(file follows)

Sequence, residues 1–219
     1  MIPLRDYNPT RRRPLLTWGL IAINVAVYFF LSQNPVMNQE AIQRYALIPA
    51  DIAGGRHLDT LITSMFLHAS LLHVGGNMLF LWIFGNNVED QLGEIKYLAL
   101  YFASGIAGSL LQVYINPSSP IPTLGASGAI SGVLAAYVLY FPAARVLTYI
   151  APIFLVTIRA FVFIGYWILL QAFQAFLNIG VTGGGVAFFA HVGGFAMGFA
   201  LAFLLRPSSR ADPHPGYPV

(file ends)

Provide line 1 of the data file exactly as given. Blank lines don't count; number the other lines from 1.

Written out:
Sequence, residues 1–219